Here, There and Everywhere

Posts tagged ‘Africa’

A Multi-faceted Ruby

NairobiBloodstarNairobi Bloodstar by Carole Hall
Reviewed by Gabriel Constans

You know a good writer when you read one. Carole Hall is such a writer. Nairobi Bloodstar pulls you into Kenya in the late forties, as if you were just there yesterday. The characters (Charles, Karl, Annalisa, Nils, M’tebe, Michael) are flesh and blood men and women that could have been historical figures, though this is a work of fiction.

Starting at Karl and Annalisa’s mining operation in Kenya, the story follows each individual, at the points where they are related and intersect, and there individual lives, thoughts and feelings. It is like a great ensemble cast in a play, when they are all believable and well played. Ms. Hall’s writing style also reminds me somewhat of Agatha Christie, who was one of the most adept of all time at describing her character’s appearance, emotions, thoughts, traits and personal history.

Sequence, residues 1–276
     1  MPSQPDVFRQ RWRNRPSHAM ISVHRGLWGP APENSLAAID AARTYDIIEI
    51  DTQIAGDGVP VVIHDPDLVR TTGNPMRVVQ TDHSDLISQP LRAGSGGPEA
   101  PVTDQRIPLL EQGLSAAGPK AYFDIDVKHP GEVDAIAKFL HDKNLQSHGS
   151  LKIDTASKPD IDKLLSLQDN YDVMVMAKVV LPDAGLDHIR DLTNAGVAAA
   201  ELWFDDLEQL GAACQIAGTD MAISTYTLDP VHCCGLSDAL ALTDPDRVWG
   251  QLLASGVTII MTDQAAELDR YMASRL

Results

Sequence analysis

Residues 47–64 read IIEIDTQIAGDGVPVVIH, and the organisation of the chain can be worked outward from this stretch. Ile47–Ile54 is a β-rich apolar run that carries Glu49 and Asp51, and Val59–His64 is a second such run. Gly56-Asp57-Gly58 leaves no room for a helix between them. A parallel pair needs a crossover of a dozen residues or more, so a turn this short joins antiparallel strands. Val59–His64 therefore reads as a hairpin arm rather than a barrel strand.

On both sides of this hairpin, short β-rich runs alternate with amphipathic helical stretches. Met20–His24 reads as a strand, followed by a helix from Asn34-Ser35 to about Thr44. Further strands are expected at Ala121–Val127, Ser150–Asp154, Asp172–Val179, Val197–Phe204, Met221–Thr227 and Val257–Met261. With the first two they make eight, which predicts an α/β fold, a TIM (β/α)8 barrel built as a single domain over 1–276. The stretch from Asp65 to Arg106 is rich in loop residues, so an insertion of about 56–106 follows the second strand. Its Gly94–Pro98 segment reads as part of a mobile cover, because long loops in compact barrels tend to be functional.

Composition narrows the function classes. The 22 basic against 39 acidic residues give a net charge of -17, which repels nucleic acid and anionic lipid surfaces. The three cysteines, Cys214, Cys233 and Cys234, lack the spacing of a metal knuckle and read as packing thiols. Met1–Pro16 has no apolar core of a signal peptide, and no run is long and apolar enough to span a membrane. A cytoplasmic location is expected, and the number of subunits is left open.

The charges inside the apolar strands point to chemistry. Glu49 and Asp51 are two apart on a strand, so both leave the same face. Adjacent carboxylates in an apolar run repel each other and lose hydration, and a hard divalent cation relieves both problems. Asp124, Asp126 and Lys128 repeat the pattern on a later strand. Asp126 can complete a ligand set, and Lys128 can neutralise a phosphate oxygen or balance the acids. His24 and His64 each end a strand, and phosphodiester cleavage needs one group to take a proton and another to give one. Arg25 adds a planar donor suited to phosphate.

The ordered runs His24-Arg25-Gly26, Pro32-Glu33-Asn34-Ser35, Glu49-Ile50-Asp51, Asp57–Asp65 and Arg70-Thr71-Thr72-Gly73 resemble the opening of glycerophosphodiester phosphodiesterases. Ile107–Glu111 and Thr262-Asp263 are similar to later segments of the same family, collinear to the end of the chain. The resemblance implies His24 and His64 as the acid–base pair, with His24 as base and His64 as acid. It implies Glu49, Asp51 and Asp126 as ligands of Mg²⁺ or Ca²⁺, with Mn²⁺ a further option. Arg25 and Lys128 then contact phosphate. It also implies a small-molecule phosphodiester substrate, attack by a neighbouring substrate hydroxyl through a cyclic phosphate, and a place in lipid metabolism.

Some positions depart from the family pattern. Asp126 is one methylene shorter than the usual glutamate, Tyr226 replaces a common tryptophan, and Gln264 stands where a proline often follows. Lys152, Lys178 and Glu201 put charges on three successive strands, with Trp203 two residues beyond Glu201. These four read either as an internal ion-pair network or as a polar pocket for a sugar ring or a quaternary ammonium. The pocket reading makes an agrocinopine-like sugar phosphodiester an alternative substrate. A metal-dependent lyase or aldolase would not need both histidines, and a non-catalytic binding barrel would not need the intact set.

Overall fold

The story takes place as a number of countries are seeking independence in Africa from the English, Portuguese and French, and at the same time Jews are fighting to establish Israel in Palestine, and protect their new nation from assault. There are romances and alliances throughout, but in many ways (to its credit), they are the background and not the main entre. Individual and national independence, as well as finding personal happiness, are at the crux of this tale. Choices are made, with many unexpected results.

There are no pat answers, conclusions, or moral certitudes in Nairobi Bloodstar, much to its credit. There are people from a variety of cultures who are genuine and will have you caring about each one.

What do we eat when we’re dead?

images-1An excerpt from Dead Head Zen Master Tova Tarantino Toshiba: The Illustrious and Delusional Abbess of Satire.

If life is a bowl full of cherries, what do we eat when we are dead?

Every Day Koans by Master Tova. Epilogue.